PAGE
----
My daughter loves to read. I am delighted. A lifetime of happiness opens up. When I see her reading at breakfast, reading in the car, coming out from school with her coat and bag under one arm and a book held open as she walks, I am thrilled. She will read anything. I used to try to keep up with her but I’ve given up. I cannot face “Milly Molly Mandy” or “The Naughtiest Girl in the School”. The other night, I found her reading “A Christmas Carol”. Not an abbreviated version for children but the original. She cannot have understood more than one word in ten but dogged determination kept her going to the bitter end. I suspect that this is much the same spirit that moved me to finish Winwood Reade’s “The Martyrdom of Man” aged 11 to the shock and awe of my parents who, I think, were both defeated by it – needless to say, I retain almost no memory of this seminal text.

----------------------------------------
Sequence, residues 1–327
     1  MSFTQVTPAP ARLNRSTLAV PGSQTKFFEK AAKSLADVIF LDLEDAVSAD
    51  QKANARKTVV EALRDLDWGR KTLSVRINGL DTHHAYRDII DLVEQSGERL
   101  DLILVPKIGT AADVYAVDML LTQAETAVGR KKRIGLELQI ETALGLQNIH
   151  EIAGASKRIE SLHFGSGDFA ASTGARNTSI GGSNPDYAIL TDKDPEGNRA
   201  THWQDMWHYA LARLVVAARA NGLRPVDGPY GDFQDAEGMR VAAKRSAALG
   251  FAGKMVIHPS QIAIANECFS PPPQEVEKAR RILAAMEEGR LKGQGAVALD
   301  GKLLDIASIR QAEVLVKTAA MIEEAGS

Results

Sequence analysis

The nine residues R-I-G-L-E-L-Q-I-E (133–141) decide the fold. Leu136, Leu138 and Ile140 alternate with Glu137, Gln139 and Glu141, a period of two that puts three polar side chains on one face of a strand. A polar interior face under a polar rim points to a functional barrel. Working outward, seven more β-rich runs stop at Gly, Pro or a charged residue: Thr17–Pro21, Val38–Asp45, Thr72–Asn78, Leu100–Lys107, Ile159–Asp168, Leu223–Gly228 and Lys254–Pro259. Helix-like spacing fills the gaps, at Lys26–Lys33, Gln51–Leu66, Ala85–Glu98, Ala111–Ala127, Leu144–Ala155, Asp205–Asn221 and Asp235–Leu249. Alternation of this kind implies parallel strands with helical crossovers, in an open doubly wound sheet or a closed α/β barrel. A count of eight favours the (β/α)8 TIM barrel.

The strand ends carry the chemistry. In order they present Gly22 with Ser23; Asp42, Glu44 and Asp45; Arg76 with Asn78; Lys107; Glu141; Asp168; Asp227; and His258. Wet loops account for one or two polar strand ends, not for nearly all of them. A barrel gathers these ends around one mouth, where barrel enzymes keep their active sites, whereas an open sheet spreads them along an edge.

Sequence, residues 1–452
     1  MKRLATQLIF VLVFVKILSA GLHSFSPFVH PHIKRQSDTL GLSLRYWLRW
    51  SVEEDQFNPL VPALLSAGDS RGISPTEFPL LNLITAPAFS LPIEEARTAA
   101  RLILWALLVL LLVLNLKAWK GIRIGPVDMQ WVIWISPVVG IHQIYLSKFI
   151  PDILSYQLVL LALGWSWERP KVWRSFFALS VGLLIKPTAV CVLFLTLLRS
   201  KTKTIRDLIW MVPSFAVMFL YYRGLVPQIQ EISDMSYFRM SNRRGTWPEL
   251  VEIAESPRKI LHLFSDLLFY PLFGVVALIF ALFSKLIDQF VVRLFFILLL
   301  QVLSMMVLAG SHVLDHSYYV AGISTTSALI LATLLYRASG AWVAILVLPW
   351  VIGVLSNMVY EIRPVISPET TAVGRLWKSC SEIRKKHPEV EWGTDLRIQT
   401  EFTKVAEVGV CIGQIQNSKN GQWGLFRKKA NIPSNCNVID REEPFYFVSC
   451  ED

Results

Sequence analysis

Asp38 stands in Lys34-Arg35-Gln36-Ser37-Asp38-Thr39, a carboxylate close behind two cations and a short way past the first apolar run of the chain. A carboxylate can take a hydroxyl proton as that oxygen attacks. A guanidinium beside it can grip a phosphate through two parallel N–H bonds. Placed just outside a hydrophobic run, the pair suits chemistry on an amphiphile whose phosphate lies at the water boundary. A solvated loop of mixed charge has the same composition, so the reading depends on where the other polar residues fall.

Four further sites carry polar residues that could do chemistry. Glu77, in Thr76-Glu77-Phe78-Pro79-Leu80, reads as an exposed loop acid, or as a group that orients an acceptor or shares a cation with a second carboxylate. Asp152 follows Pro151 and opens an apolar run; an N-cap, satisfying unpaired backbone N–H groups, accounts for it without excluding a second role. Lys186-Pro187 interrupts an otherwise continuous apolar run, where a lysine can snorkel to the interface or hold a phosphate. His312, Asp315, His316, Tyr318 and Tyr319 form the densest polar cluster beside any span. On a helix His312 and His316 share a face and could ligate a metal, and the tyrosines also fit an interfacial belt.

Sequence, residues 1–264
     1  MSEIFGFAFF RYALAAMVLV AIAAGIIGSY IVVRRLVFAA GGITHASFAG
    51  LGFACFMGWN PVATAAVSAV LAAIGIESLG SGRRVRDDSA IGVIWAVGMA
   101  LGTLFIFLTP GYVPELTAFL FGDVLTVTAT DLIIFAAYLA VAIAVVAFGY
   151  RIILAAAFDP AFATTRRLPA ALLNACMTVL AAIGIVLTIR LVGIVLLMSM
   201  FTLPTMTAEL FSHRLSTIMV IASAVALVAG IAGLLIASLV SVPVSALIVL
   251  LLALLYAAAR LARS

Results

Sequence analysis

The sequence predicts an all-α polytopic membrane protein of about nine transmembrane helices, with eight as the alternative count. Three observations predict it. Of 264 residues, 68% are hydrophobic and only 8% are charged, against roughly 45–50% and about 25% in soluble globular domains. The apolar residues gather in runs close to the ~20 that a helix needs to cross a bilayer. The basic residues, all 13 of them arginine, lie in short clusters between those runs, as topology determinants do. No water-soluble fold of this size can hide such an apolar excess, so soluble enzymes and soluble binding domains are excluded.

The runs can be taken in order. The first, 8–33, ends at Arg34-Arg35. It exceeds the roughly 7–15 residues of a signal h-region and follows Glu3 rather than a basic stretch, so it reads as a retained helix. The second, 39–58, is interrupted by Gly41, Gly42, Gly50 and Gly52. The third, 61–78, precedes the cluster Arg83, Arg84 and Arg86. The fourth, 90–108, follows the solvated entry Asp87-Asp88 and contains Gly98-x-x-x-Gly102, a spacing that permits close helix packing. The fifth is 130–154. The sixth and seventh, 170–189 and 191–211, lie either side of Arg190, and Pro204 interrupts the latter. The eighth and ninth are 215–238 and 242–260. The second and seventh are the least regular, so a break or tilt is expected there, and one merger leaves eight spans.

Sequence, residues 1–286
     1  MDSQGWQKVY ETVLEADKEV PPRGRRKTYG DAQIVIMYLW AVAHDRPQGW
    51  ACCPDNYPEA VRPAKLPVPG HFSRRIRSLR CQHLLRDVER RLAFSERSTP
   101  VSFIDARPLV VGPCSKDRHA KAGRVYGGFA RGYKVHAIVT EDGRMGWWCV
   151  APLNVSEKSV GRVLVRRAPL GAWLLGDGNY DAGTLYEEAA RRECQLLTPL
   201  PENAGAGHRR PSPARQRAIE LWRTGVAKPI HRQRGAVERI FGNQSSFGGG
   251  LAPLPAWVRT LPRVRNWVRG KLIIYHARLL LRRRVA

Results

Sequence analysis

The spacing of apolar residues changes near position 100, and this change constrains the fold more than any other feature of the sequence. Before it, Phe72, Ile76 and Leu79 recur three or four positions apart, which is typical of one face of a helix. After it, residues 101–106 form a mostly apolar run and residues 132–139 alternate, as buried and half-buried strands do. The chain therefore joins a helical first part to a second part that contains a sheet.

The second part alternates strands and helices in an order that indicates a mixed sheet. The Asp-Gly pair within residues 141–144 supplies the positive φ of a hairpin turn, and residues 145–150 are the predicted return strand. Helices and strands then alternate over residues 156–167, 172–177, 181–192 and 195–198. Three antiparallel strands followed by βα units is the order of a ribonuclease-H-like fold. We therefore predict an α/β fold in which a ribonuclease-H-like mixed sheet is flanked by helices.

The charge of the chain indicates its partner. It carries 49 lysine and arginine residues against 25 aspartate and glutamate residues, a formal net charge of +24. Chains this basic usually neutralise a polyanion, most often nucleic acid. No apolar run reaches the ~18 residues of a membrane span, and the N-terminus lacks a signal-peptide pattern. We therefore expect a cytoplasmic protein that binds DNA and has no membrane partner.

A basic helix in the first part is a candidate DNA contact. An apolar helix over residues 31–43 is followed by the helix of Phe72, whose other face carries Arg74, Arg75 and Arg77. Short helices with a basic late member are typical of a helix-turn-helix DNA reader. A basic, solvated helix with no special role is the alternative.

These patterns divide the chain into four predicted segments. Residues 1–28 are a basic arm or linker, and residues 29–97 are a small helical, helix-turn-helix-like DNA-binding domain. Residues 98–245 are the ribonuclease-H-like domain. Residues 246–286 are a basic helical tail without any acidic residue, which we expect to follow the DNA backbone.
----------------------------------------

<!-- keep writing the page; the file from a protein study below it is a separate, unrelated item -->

She has started to use words that she has only found in books. So she talks of the “wilder ness” and is indignant to be told that it is not so pronounced; “but it’s spelt “wilder ness”” she protests. I have already told her about epitome so she won’t be caught out by that one.